As a further feature of preferred embodiments of the invention, the connection between the circuit board and the centering collar is reinforced by a mechanical clamping device, an adhesive bond, a friction bond, or a weld seam.
A method of installing the inventive encoder system includes the following steps:
Preferably, the step of securing the circuit board in place is performed through a rotation of 90°.
It is advantageous, prior to sliding the circuit board on the centering collar, to apply an adhesive to the recess of the circuit board and to allow the adhesive bond to harden after the inserting and rotating steps.
It has been found that as a result of the inventive design of the new encoder system, easy centering of the timing disc and of the circuit board can be achieved with only two feed advance movements of the assembly system. The two movements can be carried out independently of one another, so that there is no need to move into any intermediate positions. Installation can take place with largely preassembled elements in a single operation, thus achieving large production runs of 1000 parts per hour on one production unit.
The invention will be explained below in greater detail with reference to several exemplary embodiments illustrated in the attached drawings, wherein:
The motor shaft 2 forms part of an electric motor 3. At the upward end of the motor 3, in the flange plane where the motor shaft 2 protrudes through an opening, the motor flange has a centering collar 10 with a flattened portion 11. The shape of the centering collar 10 is designed to permit centering of the motor 3 in the flange plane with reference to the sensor-emitter unit 7 and the timing disc 1. The circuit board 5 has an opening 13 so that the circuit board can be slid over the centering collar into a position where the centering collar is seated in a correspondingly shaped recess 12.
The circuit board 5 carries all the connections required for the supply of power to the connecting leads 6 of the sensor-emitter unit 7 and to the connecting leads 18 of the plug-in connector 9. The circuit board with these components can easily be preassembled and put in an intermediate storage before the final assembly.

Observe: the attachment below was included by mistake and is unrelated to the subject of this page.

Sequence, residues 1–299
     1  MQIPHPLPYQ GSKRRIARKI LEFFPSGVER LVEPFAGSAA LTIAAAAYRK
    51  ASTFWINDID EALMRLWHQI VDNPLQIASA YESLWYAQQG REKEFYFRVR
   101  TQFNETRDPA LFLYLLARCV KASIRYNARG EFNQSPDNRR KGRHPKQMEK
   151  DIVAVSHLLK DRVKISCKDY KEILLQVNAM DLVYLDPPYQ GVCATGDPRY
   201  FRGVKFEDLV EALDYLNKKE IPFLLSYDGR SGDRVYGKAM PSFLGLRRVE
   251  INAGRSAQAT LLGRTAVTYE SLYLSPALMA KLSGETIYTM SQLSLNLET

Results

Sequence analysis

The new encoder system in its finished and installed state is shown in FIG. 2. To achieve this end condition, the timing disc 1, by means of the timing disc hub 14, is set onto the motor shaft 2 and pushed in the axial direction into the required position.
The foregoing assembly step is simple and is already being carried out with existing tools and devices, achieving large production numbers.
The circuit board 5 is installed perpendicularly to the axial direction in a plane that is referred to as flange plane and is either identical or parallel to the plane of the end surface of the electric motor 3, containing the main plane of the substantially circular centering collar 10. The intermediate and final stages of installation are illustrated in FIG. 2.
After the circuit board 5 has been slid onto the centering collar 10 (FIG. 2A), it is rotated in the flange plane by 90°, as a result of which the circuit board is seated in its final position on the centering collar 10 (FIG. 2B). The connection can be secured in different ways, for example through a form-fitting and/or force-locking attachment, by adhesive bonding, a thermal connection, a mechanical connection or by a combination of connecting methods.
In the illustrated example, the recess 12 with the opening 13 is contoured in the shape of the Greek letter Ω. However, other shape combinations between the recess 12 and the centering collar 10 are also conceivable, for example, heart-shaped or even triangular-shaped.
Furthermore, fixating the parts in their relative positions to each other can be improved by various methods, for example by combining soft and hard materials, in which case, after the parts have been united by sliding and rotating relative to one another, a force-locking connection is achieved with a stress-biased contact or forced engagement between the parts.
In a further example of a form-fitting connection, the circumference of the centering collar 10 has at least along certain portions a groove that is engaged by the edge of the circuit board recess 12. To further strengthen the form-fitting connection, the circuit board is preferably produced from a hard material such as a glass-fiber-reinforced plastic material, with a thickness that is slightly less than the height of the centering collar 10 or the width of the aforementioned groove.
In a further embodiment of the invention, the perimeter of the recess 12 is configured as a cutting edge, so that the circuit board 5, when being slid onto the centering collar and rotated, produces an indentation in the centering collar 10. In this simple way, it is possible to achieve a firm and permanent fixation between the circuit board and the motor.
When the circuit board 5 is slid in the direction of the arrow onto the flattened portion 11, the sides of the opening 13 of the recess 12 come first into contact with the groove 16.
After the centering collar 10 has been received in the recess 12, the parts are rotated relative to each other by approximately 90° as indicated by the arrow in FIG. 5.
|Cited Patent||Filing date||Publication date||Applicant||Title|
|US4034612||Feb 25, 1976||Jul 12, 1977||General Signal Corporation||Multiple purpose instrument housing|
|US4206456||Jan 12, 1978||Jun 3, 1980||Chloride Incorporated||Smoke detector|
|US4355403||Jun 1, 1979||Oct 19, 1982||Frederick Electronics Corporation||Teletypewriter line keyer with switching current regulator|
|US4424413||Sep 17, 1981||Jan 3, 1984||Siemens Aktiengesellschaft||Circuit for converting a binary input signal into a telegraph signal|